Robotic pedicle screw placement

Robotic pedicle screw placement

Robotic spinal fixation is associated with increased screw placement accuracy and similar operative blood loss, length of stay, and operative duration. These findings support the safety and cost-effectiveness of robotic spinal surgery across the spectrum of robotic systems and screw types 1).


In addition to demonstrating excellent pedicle screw accuracy, early studies have explored the impact of robot-assisted spine surgery on reducing radiation time, length of hospital stay, operative time, and perioperative complications in comparison to conventional freehand technique. The Mazor X Stealth Edition was introduced in 2018. This robotic system integrates Medtronic’s Stealth navigation technology into the Mazor X platform, which was introduced in 2016. It is unclear what the impact of these advancements have made on clinical outcomes.


In a multicenter study, both robot systems achieved excellent screw accuracy and low robot time per screw. However, using Stealth led to significantly less fluoroscopic radiation time, lower robot abandonment rates, and reduced blood transfusion rates than Mazor X. Other factors including length of stay, and 90-day complications were similar 2)

Ha Y. Robot-Assisted Spine Surgery: A Solution for Aging Spine Surgeons. Neurospine. 2018 Sep;15(3):187-188. doi: 10.14245/ns.18edi.003. Epub 2018 Sep 11. PubMed PMID: 30196675.


In three cadavers 12 pedicle screws were implanted in thoraco-lumbar segments with the robotic surgery assistant. 3D-fluoroscopy was performed for preoperative referencing, planning and identification of postoperative screw position. The radiation exposure of fluoroscopy and a CT scanner was compared, measuring the Computed Tomography Dose Index (CTDIw ).

Pedicle screw positioning was graded according to the Gertzbein-Robbins classification: Eleven of 12 pedicle screws showed optimal transpedicular position (Grade 1), one was positioned less than 2 mm outside (Grade 2). No major deviations were observed. Referencing with 3D-fluoroscopy resulted in a CTDIw reduction of 84% in the cervical- and 33% in the lumbar spine.

Robot-guided PS placement, using 3D-fluoroscopy for referencing, is a reliable tool for minimally invasive PS implantation; radiation exposure can be reduced 3).


Menger et al., investigated the cost effectiveness of adding robotic technology in spine surgery to an active neurosurgical practice.

The time of operative procedures, infection rates, revision rates, length of stay, and possible conversion of open to minimally invasive spine surgery (MIS) secondary to robotic image guidance technology were calculated using a combination of institution-specific and national data points. This cost matrix was subsequently applied to 1 year of elective clinical case volume at an academic practice with regard to payor mix, procedural mix, and procedural revenue.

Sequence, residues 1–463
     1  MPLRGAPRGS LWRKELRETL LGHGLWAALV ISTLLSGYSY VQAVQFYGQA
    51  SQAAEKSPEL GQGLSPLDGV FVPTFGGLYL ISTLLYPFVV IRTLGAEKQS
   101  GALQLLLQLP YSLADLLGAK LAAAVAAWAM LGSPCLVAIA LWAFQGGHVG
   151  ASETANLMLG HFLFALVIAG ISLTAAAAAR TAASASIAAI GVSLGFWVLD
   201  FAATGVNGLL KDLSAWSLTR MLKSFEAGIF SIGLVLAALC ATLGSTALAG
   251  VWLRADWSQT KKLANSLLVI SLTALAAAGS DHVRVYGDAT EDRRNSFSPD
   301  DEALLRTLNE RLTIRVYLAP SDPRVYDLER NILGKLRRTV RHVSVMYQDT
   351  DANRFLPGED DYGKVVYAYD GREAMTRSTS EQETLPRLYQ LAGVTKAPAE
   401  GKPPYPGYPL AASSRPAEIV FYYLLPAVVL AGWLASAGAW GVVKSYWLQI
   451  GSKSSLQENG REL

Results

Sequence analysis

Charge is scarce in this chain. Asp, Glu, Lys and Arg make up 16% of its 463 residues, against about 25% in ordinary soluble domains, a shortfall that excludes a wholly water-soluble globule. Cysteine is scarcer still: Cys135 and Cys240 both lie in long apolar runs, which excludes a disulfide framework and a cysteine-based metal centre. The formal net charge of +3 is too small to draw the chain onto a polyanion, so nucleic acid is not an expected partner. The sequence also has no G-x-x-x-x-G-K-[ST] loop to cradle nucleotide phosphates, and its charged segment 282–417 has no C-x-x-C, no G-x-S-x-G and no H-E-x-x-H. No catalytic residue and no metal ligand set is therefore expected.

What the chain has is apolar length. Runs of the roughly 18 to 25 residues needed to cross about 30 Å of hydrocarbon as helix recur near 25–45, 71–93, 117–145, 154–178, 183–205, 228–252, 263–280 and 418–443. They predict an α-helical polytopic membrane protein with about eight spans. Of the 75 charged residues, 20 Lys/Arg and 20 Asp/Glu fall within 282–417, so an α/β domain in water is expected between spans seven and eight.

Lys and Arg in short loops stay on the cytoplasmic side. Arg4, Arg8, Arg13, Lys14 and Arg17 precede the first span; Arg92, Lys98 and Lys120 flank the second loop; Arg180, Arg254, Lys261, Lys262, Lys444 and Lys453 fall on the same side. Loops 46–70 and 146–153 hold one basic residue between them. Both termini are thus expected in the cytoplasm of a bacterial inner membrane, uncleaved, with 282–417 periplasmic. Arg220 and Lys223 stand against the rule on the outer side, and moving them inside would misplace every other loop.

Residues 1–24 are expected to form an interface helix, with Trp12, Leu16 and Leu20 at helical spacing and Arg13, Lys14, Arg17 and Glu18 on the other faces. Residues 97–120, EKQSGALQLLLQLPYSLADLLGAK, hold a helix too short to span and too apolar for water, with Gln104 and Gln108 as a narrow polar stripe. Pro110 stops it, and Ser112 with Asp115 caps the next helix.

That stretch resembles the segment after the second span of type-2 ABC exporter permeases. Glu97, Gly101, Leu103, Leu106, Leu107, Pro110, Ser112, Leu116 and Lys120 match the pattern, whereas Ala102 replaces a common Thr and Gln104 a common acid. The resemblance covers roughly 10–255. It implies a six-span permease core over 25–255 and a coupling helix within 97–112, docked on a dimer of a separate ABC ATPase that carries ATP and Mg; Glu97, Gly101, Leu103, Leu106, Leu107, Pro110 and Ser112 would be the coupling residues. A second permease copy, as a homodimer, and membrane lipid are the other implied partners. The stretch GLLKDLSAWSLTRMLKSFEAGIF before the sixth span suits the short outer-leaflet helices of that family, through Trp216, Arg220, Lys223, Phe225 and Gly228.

A total of 1,985 elective cases were analyzed over a 1-year period; of these, 557 thoracolumbar cases (28%) were analyzed. Fifty-eight (10.4%) were MIS fusions. Independent review determined an additional ~10% cases (50) to be candidates for MIS fusion. Furthermore, 41.4% patients had governmental insurance, while 58.6% had commercial insurance. The weighted average diagnosis-related group reimbursement for thoracolumbar procedures for the hospital system was calculated to be $25,057 for Medicare and $42,096 for commercial insurance. Time savings averaged 3.4 minutes per 1-level MIS procedure with robotic technology, resulting in annual savings of $5,713. Improved pedicle screw accuracy secondary to robotic technology would have resulted in 9.47 revisions being avoided, with cost savings of $314,661. Under appropriate payor mix components, robotic technology would have converted 31 Medicare and 18 commercial patients from open to MIS. This would have resulted in 140 fewer total hospital admission days ($251,860) and avoided 2.3 infections ($36,312). Robotic surgery resulted in immediate conservative savings estimate of $608,546 during a 1-year period at an academic center performing 557 elective thoracolumbar instrumentation cases.

Application of robotic spine surgery is cost-effective, resulting in lesser revision surgery, lower infection rates, reduced length of stay, and shorter operative time. Further research is warranted, evaluating the financial impact of robotic spine surgery 4).


Several randomized controlled trials (RCTs) and cohort studies involving robotic-assisted (RA) and free-hand with fluoroscopy-guided (FH) and published before January 2017 were searched for using the Cochrane LibraryOvidWeb of SciencePubMed, and EMBASE databases. A total of 55 papers were selected. After the full-text assessment, 45 clinical trials were excluded. The final meta-analysis included 10 articles.

The accuracy of pedicle screw placement within the RA group was significantly greater than the accuracy within the FH group (odds ratio 95%, “perfect accuracy” confidence interval: 1.38-2.07, P < .01; odds ratio 95% “clinically acceptable” Confidence Interval: 1.17-2.08, P < .01).

There are significant differences in accuracy between RA surgery and FH surgery. It was demonstrated that the RA technique is superior to the conventional method in terms of the accuracy of pedicle screw placement 5).


In 2013 a study evaluated the outcomes of robotic-assisted screw placement in a consecutive series of 102 patients.